Kellner: We have seen it vary from company to company. Sometimes a request for proposal emanates from the law department, or sometimes from global purchasing. Sometimes it comes from a call directly from an attorney or a technology staffer in the law department. It is important that when the RFP comes from global purchasing, which so many people are required to do these days for compliance purposes, to make sure that the global purchasing group really has a firm understanding of the service and the marketplace. These are services that are often integrally linked, and we've seen attempts to purchase them either as software or as commodity data processing.
Editor: What sort of due diligence should general counsel or corporate IT undertake before engaging a legal service vendor?
Kellner: This is a relationship that is dependent upon a well-run outsourced business process. It is something that has a great deal of consequence to the company as well as to the provision of legal services to the company. It is critical to inquire about references, data security, and quality management at each step. Because things change throughout the course of a litigation or a regulatory compliance project, it is important that there is an understanding by the legal team regarding the sort of flexibility the vendor has if something should change if they need to go back, to re-search the data, or to change directions in approaching the data because the content or strategy of the case has changed. So flexibility is important. Also important is an ability to contribute ideas regarding collection, preservation, search and review - not just taking orders for data processing. Many full service providers have a lot of experience and can contribute to streamlining a process in ways that attorneys working on just one project cannot.
And then, overall, financial strength and staffing strength are important. When the heat is on, and the deadline is coming up, does the organization actually have the horsepower to see it through? Can it handle things in multiple shifts if it is necessary to do that with outside counsel?
Editor: Is the person who engages you generally the general counsel or is it someone from IT? What kind of an introduction do they make for you to the team?
Kellner: If it's an arrangement that is started by the company, it is typically a process that is started by the general counsel and is leveraged to both IT security staff as well as global purchasing. The IT folks then turn to the vendor with questions on quality management, data security, hosting ability, references, and so forth. Assuming that those thresholds are crossed, then we're handed over to general counsel for discussions about cases: what kinds of projects are on the table and what kinds of services and advice can we provide.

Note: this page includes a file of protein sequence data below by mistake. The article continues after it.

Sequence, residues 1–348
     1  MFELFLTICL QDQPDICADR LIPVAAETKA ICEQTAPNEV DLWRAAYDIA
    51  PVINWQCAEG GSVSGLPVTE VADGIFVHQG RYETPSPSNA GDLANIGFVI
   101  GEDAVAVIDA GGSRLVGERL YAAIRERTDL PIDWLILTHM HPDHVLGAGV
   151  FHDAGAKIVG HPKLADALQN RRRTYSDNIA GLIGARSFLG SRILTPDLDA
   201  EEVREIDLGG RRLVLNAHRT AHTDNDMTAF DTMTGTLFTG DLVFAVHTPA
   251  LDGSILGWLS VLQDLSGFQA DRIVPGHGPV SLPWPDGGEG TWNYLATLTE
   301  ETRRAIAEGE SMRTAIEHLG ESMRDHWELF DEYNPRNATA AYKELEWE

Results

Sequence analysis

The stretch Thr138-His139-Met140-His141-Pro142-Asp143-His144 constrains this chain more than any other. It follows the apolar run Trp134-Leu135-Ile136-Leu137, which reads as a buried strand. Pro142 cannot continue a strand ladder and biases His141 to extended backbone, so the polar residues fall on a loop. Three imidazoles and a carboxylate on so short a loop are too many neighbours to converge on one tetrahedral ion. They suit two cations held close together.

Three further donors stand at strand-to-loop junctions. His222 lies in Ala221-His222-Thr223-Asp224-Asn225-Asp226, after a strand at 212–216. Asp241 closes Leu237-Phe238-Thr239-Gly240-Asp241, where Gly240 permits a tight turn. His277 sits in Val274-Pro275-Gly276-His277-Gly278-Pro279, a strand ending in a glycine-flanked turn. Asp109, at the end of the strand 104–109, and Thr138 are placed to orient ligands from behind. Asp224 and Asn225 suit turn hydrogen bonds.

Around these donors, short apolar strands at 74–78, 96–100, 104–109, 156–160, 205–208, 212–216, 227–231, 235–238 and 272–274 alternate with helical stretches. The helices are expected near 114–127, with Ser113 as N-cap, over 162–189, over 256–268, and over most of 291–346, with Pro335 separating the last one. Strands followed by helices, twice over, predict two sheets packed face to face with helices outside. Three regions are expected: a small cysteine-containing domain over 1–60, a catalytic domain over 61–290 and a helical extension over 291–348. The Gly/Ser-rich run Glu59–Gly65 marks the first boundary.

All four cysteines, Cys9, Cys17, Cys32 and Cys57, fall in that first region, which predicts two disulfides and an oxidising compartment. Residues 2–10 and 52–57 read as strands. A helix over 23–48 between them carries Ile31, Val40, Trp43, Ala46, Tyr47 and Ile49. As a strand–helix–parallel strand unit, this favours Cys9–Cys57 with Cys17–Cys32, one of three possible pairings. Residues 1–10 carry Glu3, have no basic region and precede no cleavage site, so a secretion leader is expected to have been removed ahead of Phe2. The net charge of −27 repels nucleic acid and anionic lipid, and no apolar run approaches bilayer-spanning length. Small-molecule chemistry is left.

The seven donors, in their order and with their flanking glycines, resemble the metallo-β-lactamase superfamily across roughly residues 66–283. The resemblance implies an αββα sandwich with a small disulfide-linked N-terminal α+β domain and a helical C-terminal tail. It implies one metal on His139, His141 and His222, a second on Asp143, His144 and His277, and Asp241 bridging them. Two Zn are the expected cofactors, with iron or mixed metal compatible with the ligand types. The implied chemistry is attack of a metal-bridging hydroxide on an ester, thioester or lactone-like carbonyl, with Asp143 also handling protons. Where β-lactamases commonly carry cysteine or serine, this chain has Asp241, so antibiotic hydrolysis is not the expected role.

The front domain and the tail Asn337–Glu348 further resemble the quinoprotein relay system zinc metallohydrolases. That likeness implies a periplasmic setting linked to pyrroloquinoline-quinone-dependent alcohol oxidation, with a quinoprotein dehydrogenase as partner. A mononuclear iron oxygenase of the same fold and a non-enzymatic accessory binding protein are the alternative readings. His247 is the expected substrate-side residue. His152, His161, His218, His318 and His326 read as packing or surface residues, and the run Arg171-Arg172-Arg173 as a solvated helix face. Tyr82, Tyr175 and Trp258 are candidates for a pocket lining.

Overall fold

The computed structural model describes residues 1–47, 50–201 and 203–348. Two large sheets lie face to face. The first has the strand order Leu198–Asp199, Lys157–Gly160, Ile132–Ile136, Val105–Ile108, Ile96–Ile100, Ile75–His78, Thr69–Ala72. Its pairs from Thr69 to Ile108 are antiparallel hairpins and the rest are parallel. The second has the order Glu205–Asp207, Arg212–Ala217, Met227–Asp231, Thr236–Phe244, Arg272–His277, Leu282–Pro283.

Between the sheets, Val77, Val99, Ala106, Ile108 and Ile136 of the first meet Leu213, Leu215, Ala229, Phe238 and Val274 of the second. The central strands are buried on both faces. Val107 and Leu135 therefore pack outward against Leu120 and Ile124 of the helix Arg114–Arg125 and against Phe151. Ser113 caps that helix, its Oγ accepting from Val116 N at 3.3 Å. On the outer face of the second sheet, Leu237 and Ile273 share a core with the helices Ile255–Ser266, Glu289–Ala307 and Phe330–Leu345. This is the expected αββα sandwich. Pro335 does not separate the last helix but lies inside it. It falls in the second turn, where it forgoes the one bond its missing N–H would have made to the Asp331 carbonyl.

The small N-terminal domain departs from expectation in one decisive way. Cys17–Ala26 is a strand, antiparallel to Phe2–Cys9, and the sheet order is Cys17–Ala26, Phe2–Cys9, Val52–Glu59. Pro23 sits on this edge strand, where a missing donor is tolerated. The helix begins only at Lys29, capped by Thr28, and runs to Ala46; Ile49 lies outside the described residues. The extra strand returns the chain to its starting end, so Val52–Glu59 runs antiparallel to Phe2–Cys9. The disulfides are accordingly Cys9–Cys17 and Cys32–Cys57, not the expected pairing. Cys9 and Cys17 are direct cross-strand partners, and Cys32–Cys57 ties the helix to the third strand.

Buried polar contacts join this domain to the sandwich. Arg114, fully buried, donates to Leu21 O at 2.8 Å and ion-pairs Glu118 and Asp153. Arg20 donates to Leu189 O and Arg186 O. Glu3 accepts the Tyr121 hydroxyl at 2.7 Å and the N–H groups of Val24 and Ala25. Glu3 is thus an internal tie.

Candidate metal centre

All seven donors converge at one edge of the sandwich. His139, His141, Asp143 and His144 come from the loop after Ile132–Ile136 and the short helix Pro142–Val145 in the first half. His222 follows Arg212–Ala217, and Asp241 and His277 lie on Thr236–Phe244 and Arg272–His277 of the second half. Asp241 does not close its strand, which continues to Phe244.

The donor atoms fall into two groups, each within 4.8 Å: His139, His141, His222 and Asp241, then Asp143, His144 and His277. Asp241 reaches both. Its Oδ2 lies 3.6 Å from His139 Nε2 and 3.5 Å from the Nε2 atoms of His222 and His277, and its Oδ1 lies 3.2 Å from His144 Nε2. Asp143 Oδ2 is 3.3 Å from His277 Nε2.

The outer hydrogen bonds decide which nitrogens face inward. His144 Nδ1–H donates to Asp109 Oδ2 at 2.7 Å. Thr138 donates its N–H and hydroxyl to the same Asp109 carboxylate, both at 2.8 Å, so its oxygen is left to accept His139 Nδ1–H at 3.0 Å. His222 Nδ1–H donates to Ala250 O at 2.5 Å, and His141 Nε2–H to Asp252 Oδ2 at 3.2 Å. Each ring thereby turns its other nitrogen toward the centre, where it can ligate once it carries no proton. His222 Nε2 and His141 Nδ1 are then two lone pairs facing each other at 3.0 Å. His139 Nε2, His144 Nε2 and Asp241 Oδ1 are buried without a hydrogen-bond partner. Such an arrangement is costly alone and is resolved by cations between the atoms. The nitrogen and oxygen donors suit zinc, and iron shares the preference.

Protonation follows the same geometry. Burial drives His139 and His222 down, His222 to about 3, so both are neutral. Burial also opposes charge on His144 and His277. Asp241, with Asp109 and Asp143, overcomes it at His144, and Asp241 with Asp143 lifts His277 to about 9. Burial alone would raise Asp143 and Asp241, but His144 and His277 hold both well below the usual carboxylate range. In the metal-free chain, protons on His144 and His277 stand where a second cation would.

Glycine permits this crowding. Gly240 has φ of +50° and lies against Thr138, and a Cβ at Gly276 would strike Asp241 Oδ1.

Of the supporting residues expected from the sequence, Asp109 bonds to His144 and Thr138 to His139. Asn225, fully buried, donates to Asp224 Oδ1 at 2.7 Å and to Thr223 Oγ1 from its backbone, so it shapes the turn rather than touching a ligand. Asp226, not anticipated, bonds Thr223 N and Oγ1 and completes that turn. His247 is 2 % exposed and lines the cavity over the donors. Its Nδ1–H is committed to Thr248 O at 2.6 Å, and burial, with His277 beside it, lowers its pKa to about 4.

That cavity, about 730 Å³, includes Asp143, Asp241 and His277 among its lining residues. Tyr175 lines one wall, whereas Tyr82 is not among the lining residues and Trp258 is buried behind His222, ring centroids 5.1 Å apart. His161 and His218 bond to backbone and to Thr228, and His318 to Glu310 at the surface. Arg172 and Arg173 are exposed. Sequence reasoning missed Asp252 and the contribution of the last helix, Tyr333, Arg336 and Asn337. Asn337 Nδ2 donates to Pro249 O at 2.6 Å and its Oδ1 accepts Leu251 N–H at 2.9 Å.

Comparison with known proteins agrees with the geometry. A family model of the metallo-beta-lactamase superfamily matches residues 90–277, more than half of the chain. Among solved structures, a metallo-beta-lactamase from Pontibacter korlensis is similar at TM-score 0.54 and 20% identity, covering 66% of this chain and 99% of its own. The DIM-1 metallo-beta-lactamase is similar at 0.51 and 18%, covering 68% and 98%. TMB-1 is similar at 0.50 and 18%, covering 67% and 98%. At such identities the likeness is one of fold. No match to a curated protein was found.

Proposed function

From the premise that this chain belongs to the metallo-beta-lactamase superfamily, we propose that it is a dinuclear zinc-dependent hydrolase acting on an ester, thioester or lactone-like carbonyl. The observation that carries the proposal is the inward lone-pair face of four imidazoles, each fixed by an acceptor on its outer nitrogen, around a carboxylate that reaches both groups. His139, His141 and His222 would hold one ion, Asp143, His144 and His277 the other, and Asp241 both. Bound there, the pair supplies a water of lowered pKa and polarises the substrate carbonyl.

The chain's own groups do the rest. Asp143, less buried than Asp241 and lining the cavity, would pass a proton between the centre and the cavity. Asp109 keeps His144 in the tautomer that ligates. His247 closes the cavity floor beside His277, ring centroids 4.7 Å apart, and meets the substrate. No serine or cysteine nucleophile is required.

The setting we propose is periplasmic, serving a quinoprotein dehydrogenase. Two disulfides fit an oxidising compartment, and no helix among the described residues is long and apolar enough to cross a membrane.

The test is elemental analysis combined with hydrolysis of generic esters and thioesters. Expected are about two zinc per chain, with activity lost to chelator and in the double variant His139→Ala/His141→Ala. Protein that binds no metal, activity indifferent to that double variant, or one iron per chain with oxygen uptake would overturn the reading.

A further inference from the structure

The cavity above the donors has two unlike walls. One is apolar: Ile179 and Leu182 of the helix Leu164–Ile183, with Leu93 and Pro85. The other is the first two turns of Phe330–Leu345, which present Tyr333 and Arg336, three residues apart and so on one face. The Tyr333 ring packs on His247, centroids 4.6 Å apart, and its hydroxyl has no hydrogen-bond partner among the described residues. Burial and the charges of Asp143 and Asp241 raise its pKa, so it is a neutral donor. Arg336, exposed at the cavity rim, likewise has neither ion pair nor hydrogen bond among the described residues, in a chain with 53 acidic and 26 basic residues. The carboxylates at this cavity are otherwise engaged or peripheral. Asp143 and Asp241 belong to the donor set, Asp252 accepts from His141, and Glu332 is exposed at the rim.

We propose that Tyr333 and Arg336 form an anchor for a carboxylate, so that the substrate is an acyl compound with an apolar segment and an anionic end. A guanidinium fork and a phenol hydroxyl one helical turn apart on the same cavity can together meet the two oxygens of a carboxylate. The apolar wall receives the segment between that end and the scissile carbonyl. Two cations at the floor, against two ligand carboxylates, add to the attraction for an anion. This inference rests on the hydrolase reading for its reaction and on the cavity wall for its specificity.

These are legal projects that require legal supervision; lawyers have to be involved in the strategy, tactics and substantive decision-making. The vendor, no matter how good it is, has to make sure it is not substituting its decisions for what need to be legal decisions. It is an attorney's responsibility to maintain substantive control of projects managed by vendors. Because of federal and state court rules along with ethical obligations, the company and its lawyers, both inside and out, have to be sure that the output of all of this technology processing is complete and defensible. It should not just be taken on faith that what comes out on the other end is what the lawyers had intended.
But overall, it is a team. It is the company's legal matter, with outside counsel providing the legal service, and with vendor supplying the technology support. There has to be frequent and productive communication among the three groups to make sure that everyone is aware of each other's requirements and time constraints, and that there is consensus of approach.
Editor: What resources should the general counsel be considering in supervision, oversight and quality control?
Kellner: I think that there needs to be a point person in general counsel's office, and certainly a main point of contact with outside counsel. There must be someone in each location who is watching the expenditures, the requests, the meeting of the deadlines and the marshalling of resources. Then, the point person ought to ask the following questions, including: What is being done in terms of quality management? What is being done in terms of meeting the deadlines, staffing resources, budgets, and so forth. There at least has to be a point person in the general counsel's office who is overseeing the whole project that has some bottom line responsibility for it.